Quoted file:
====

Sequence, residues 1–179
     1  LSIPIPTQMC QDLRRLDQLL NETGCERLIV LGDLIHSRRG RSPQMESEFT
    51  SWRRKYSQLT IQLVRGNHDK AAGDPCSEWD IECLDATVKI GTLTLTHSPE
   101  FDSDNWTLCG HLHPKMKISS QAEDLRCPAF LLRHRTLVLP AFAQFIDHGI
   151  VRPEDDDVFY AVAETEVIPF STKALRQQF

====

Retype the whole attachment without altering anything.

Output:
Sequence, residues 1–179
     1  LSIPIPTQMC QDLRRLDQLL NETGCERLIV LGDLIHSRRG RSPQMESEFT
    51  SWRRKYSQLT IQLVRGNHDK AAGDPCSEWD IECLDATVKI GTLTLTHSPE
   101  FDSDNWTLCG HLHPKMKISS QAEDLRCPAF LLRHRTLVLP AFAQFIDHGI
   151  VRPEDDDVFY AVAETEVIPF STKALRQQF